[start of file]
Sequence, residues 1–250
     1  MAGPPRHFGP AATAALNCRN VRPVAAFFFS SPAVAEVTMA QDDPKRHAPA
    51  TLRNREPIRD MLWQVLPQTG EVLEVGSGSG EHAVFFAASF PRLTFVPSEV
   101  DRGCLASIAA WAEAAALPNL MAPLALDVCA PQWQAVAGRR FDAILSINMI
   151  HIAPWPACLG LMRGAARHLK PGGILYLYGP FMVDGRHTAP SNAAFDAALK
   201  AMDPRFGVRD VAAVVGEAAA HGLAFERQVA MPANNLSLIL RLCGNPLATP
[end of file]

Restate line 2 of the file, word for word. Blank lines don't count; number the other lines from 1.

     1  MAGPPRHFGP AATAALNCRN VRPVAAFFFS SPAVAEVTMA QDDPKRHAPA